Monday, 12 June 2017

Malawi – Running Wild

May 21-28

Hello everyone!

Malawi is a great place for people who like being outdoors. This is partly because regular power cuts (though these have lessened significantly since the rains arrived) stop you from spending all of your spare time watching TV or staring at a computer screen, but it is also because the weather is wonderful. It’s perfect for sporting pursuits.

Lilongwe Colour Run

Lilongwe Triathlon

May is a particularly pleasant month: the threat of rain has gone and the temperature is neither too hot nor too cold. One less excuse for avoiding the Lilongwe Triathlon.

May is the first month of the year in which the
average temperature drops below 20'C

The swimming section took place in our
school's pool
 I’ve done a triathlon before in Kazakhstan but the Lilongwe version was organised more efficiently. Only two people in a swimming lane this time, avoiding the mass pile-up which happened in the Astana pool. Proper distances for a sprint triathlon as well.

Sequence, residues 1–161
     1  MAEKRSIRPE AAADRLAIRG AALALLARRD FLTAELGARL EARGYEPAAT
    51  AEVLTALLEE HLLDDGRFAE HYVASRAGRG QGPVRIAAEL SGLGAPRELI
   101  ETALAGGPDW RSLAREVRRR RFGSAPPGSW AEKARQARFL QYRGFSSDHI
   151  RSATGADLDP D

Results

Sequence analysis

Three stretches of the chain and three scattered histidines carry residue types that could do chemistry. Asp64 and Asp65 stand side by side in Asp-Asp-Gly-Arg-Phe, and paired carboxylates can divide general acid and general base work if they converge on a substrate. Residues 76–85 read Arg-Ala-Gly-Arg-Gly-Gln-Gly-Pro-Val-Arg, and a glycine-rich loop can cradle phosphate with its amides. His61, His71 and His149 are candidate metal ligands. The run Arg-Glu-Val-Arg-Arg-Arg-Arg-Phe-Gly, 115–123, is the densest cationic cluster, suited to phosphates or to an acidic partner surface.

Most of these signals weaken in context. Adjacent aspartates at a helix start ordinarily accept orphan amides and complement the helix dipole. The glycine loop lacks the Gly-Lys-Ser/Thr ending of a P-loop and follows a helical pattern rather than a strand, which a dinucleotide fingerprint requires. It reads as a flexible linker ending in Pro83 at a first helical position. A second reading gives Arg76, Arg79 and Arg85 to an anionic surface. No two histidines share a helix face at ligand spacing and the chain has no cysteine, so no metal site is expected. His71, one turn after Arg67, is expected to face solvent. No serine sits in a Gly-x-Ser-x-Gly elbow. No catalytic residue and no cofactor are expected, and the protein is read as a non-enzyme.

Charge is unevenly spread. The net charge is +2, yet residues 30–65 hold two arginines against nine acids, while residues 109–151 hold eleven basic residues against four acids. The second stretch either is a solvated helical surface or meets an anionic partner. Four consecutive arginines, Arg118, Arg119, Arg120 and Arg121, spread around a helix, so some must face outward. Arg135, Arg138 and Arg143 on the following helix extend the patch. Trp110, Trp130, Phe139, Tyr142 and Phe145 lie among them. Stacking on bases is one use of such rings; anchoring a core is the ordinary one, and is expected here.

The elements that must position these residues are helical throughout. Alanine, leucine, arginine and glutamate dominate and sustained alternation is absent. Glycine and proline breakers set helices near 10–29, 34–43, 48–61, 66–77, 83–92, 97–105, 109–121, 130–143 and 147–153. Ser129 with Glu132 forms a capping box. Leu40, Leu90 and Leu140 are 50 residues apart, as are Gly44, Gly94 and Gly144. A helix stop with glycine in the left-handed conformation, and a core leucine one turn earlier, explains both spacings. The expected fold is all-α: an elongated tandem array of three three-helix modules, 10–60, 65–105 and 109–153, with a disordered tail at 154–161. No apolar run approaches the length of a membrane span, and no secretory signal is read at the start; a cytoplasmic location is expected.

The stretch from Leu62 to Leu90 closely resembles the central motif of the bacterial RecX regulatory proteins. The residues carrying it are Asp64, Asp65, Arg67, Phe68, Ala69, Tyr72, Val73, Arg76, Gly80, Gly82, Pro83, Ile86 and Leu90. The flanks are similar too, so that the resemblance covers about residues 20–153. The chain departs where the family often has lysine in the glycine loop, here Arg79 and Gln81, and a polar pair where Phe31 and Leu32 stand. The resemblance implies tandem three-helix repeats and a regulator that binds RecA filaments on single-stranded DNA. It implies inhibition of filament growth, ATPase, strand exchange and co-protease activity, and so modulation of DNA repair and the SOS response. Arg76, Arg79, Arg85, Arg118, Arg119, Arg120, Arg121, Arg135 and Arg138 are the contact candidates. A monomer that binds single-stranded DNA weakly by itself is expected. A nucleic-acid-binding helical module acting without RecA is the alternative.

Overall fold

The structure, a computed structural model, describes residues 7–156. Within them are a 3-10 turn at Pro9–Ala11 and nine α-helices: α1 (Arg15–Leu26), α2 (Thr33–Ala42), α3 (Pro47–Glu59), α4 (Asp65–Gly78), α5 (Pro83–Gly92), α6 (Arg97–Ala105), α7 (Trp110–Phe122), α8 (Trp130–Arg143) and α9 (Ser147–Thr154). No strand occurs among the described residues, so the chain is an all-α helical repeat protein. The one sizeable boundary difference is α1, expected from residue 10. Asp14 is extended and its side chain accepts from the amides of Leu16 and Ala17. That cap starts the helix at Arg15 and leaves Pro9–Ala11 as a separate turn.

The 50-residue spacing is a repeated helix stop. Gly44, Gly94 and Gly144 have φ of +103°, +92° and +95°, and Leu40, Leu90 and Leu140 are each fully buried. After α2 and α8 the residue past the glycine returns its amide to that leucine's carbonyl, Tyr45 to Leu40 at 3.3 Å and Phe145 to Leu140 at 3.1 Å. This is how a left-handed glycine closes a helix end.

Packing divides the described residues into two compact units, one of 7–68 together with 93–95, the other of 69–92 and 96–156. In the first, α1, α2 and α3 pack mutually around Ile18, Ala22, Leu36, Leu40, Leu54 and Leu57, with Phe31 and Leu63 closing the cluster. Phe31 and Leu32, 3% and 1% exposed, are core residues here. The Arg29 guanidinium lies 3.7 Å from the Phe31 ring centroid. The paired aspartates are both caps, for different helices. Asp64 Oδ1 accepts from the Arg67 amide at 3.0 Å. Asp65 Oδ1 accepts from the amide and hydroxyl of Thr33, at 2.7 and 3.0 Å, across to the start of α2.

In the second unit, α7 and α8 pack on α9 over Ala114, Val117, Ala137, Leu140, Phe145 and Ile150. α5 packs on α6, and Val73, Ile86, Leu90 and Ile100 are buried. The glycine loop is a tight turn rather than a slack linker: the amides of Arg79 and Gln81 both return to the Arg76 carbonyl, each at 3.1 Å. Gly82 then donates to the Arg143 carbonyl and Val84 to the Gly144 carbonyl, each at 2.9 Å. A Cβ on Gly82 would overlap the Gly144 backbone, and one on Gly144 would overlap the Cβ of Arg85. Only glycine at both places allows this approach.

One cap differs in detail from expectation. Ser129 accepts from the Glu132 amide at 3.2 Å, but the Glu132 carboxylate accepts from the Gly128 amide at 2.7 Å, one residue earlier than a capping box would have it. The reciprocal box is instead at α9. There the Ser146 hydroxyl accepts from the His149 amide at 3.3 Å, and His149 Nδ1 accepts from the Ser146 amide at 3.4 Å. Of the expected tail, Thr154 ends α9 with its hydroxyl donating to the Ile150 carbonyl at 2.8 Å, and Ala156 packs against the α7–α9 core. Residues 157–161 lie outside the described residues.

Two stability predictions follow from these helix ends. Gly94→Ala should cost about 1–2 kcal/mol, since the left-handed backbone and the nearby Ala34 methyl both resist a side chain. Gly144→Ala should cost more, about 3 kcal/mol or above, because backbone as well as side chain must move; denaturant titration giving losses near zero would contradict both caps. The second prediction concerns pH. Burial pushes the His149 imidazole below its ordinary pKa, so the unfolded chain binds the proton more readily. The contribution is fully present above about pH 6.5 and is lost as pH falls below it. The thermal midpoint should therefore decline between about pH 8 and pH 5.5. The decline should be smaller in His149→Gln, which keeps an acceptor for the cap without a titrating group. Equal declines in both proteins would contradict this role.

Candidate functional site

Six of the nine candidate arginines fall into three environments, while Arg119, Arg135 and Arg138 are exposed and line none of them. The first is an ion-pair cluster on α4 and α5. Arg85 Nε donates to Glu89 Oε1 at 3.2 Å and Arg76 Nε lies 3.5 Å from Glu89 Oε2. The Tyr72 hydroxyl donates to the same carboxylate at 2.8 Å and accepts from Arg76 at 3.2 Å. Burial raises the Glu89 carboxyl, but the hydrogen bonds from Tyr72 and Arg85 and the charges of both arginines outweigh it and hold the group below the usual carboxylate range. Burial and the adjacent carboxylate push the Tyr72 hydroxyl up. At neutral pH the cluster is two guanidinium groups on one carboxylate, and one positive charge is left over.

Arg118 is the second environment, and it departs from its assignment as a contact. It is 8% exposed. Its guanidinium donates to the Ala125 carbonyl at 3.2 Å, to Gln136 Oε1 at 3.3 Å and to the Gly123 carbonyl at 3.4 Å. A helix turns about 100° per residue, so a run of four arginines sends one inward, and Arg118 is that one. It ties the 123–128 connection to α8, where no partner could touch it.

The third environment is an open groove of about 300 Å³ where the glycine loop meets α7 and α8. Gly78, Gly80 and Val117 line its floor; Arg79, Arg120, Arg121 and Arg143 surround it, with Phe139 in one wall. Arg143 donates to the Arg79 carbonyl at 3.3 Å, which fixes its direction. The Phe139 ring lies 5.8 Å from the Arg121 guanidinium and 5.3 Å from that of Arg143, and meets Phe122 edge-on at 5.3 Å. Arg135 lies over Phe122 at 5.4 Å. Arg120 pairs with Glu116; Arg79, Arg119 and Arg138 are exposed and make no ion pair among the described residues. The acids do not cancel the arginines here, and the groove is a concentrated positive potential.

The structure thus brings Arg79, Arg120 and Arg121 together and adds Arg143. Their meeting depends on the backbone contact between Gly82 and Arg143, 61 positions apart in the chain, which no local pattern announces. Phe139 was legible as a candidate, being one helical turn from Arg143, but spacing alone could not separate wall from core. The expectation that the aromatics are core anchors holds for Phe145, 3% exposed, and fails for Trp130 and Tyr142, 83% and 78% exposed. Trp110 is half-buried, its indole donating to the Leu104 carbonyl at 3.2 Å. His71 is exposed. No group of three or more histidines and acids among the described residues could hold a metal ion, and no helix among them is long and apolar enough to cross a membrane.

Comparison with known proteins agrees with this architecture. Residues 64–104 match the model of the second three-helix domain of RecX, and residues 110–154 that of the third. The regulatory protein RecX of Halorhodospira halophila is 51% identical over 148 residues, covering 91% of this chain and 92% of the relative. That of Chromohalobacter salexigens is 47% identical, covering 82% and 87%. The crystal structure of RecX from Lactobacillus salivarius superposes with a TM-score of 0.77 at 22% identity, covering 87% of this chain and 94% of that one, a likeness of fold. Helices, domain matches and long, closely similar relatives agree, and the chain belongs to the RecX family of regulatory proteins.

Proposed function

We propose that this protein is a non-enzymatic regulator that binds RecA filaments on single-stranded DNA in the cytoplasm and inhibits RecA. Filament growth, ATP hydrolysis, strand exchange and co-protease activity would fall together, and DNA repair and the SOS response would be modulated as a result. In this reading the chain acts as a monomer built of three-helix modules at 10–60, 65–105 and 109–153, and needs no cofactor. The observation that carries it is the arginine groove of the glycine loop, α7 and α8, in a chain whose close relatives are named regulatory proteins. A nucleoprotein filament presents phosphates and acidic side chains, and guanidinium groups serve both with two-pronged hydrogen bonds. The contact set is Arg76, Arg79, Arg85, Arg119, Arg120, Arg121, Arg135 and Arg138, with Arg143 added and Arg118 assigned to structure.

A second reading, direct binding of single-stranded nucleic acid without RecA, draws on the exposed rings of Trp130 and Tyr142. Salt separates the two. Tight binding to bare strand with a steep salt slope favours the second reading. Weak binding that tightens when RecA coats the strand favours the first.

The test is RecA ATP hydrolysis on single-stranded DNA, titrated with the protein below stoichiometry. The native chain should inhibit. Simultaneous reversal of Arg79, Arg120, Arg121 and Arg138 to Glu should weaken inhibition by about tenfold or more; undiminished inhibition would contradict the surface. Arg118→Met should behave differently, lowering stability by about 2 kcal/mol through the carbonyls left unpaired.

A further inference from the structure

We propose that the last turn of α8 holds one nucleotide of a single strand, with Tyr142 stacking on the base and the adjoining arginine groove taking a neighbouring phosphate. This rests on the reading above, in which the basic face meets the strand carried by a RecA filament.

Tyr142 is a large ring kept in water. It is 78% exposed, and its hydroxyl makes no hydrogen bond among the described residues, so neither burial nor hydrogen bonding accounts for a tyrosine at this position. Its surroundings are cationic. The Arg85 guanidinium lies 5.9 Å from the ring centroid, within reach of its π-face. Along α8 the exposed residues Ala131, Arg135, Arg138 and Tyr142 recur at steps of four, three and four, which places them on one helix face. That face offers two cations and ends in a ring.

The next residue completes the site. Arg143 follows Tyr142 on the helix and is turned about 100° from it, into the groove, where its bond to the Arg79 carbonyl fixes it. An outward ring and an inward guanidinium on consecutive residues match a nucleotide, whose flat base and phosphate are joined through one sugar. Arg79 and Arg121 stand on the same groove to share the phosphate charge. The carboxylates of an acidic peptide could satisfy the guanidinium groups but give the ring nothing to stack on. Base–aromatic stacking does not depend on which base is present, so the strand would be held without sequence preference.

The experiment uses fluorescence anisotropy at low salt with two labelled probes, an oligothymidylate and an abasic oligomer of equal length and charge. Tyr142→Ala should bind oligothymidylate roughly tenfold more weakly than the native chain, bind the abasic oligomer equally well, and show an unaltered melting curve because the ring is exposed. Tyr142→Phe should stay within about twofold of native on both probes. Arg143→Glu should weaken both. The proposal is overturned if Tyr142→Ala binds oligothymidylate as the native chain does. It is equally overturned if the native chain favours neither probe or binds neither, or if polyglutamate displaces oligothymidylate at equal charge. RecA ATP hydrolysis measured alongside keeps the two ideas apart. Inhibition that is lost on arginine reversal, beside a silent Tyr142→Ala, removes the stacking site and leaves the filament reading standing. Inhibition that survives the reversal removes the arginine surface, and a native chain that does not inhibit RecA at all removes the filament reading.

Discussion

Olympic distance triathletes started at 6am - I
was in the pool at 8:30am...

...which meant the Sun was quite
hot by the time I finished!

As my training had been slack/non-existent, my aim was simply to finish. The swim was cold, the bike was surprisingly enjoyable (save for the pothole-heavy hill we had to scale just before returning to transition) and the run was, as expected, the easiest bit. The best part of the run for me was little children sprinting along with me through the suburbs to the south of the school.

Con of using a helmet you're not used
to - you look like an idiot

The run snaked through the southern section of the city

I finished in one hour and forty-two minutes, which I’m happy enough about. Next year I’ve decided to do the Olympic distance, which Hannah completed this time. 1.5km swim, 40km bike and 10km run. Might need to actually train for that one.

Hannah finishing one of her 60 lengths


Hannah finished in under 3 hours, an
amazing achievement

The following Sunday was spent just outside Lilongwe, in the grounds of Kumbali Lodge. This place is famous for being Madonna’s place of rest when she comes to visit and adopt, though among the expat community it’s known as a great place for running and cycling trails.